"When I was a child, I would see my mom and think that she had two faces; it's similar to what I see with my clients. When she walks in the room, she's Mary, and then when she's fully glammed and she's dressed up, she's Mary J. Blige. She's the icon that everyone knows her to be and she has that confidence. That's the power of makeup."

On how he achieves his signature glow:

"I'm an artist who layers, and I like to layer to the point where she's glowing and she looks amazing without it being overdone.

"I like to use emollient highlighters rather than powder ones because they're hydrating on the skin. I just tap that onto several areas of the face. When the light hits their skin, it looks like they're glowing from within.

"I didn't even know the power I possessed when it came to makeup. 'You know that's your signature, right?' people would say to me. 'It's the glow.' And I'm like, maybe it is! I just want women to feel like the best version of themselves."

On how he's preparing for the Met Gala:

"I'm doing the Met Gala next month, and I have four different girls that I'm working with. Don't ask me how it's going to get done; I'm just going to make the magic happen. I'm so excited that it's coming back in September. I already know what some of my girls are wearing, so I've actually been using Camera IQ, an AR technology that lets you virtually try on makeup, to create different looks and just show them how the makeup is going to look with what they're wearing. It makes life much easier for me."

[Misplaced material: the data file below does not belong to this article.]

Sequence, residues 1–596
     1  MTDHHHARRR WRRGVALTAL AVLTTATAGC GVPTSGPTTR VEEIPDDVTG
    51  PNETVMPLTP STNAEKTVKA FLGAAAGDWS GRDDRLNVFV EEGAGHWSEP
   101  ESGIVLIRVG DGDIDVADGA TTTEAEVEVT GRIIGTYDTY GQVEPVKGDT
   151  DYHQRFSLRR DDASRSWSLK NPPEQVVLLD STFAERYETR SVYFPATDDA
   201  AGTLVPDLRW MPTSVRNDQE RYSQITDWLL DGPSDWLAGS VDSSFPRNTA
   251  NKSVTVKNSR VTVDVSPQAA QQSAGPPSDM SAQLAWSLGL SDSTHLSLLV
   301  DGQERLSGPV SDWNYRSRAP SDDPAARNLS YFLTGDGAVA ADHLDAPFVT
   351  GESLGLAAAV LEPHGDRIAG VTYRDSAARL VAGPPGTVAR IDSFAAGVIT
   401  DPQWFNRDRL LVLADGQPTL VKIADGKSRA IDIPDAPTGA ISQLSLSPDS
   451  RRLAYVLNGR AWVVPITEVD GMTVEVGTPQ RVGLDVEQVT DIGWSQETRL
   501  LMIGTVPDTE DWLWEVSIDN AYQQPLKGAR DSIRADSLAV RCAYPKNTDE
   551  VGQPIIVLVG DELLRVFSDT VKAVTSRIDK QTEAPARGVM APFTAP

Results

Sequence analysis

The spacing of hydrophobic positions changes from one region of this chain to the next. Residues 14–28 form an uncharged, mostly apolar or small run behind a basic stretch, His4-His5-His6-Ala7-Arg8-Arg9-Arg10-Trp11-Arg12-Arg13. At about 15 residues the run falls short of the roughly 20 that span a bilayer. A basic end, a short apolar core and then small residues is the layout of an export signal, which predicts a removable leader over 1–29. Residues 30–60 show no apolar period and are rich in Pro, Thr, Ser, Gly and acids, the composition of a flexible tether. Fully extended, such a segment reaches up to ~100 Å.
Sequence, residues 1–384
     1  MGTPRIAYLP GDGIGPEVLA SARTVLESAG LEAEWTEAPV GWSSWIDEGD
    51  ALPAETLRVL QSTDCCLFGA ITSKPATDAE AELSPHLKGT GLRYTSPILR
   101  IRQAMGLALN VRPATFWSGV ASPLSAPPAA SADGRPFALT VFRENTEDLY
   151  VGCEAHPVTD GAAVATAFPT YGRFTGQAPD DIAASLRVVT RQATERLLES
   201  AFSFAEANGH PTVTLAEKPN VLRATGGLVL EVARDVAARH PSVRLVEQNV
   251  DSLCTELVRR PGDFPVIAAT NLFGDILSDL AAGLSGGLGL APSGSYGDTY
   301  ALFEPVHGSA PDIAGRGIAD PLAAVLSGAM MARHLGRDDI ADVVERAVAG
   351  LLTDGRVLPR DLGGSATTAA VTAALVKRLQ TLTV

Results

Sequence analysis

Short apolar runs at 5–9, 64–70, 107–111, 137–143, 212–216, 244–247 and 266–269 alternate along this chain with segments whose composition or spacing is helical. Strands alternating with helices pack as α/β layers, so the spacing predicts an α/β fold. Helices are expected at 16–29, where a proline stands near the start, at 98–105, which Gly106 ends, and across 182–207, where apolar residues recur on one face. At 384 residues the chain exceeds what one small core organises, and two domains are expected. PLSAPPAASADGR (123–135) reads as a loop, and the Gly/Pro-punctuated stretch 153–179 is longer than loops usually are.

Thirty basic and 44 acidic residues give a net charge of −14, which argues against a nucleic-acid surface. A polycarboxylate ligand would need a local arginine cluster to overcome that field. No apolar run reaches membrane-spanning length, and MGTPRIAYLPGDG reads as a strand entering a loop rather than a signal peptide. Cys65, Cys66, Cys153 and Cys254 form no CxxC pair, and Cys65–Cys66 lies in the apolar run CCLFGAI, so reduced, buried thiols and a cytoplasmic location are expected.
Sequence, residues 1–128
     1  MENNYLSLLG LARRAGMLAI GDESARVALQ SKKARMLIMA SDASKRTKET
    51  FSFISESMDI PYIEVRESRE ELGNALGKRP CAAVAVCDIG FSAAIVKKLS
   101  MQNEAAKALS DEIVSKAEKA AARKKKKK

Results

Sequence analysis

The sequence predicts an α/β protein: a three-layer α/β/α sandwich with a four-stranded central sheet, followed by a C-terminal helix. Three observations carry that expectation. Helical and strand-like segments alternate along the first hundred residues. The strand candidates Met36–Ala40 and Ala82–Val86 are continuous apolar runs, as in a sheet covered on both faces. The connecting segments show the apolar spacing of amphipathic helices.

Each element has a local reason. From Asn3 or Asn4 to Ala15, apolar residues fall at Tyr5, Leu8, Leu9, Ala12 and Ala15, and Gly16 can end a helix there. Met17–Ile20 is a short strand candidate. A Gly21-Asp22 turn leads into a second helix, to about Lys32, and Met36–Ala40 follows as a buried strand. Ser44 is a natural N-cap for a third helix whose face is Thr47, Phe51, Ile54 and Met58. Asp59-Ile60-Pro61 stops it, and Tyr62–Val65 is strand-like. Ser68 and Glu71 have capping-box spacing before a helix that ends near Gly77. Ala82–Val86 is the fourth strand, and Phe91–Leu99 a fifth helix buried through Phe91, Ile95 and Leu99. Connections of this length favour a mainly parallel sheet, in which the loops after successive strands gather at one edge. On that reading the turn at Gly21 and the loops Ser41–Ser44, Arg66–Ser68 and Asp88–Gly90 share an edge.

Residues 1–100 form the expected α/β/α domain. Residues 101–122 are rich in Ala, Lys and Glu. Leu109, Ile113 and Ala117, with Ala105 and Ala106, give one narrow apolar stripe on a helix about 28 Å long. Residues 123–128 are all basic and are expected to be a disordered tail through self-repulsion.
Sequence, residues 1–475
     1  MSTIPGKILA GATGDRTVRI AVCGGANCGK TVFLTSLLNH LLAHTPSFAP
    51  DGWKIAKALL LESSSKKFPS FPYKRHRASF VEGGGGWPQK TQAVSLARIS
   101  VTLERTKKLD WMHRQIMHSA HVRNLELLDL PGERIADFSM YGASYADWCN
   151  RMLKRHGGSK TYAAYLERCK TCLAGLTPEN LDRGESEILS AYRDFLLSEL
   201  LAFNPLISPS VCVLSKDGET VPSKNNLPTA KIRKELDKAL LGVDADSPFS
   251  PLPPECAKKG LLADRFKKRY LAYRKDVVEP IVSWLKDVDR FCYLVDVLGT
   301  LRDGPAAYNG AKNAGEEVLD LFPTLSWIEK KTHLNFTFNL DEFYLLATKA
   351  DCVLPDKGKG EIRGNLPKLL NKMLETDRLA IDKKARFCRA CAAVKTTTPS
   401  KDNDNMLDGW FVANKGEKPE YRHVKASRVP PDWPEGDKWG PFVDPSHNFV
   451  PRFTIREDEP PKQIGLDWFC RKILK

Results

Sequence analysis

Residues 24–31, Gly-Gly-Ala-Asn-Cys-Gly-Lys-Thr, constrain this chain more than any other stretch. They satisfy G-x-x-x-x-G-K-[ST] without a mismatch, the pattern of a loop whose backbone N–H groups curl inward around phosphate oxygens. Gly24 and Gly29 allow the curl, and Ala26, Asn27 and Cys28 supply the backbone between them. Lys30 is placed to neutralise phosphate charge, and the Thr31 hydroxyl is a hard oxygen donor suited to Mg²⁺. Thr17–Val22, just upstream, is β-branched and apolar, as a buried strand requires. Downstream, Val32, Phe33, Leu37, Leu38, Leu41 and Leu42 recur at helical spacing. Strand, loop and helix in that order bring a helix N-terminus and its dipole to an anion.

On the lessons he learned from the pandemic:

"We did go through a difficult time in 2020, and even to this day we're battling through it. It made me realize that you have to be prepared and be ready for anything. I do have a savings account, and I was able to have money and even work through the pandemic. I wasn't working with a lot of the stars I normally work with, but I was doing partnerships with brands and I even did a few campaigns at the height of the pandemic. But it was most important to stay safe because we didn't know what we were dealing with. And we all learned that the small things in life matter. When it comes to our day-to-day life that is very much driven by social media, there's an information overload. It's important to find your peace and find your mindfulness. Those are the things that mattered to me in 2020 and continue to in 2021. I pay attention to those things now more than ever."

On his new and improved self-care routine:

"There was a time when I wouldn't say no, even when I wasn't feeling my best and probably should've gone to see a doctor. But I got on a flight instead to go to a client. In these times, I've learned to put myself first and that it's OK to say no. At the end of the day, our bodies and our peace of mind come first before anything else. When you show up for yourself, then you can show up for everybody else. In the beauty industry, it can feel like me-time doesn't exist, but taking time for yourself is essential to your health.

"Before I leave Rochester to head to New York City, or wherever I'm going, I make sure my vitamin pack and my herbs are ready. I also like to go for walks and meditate with my Calm app. I meditate every single day because in a world with so much noise, chaos, and confusion, I have to center myself in the midst of all of those things and declutter my mind so that I can recharge and go back out there."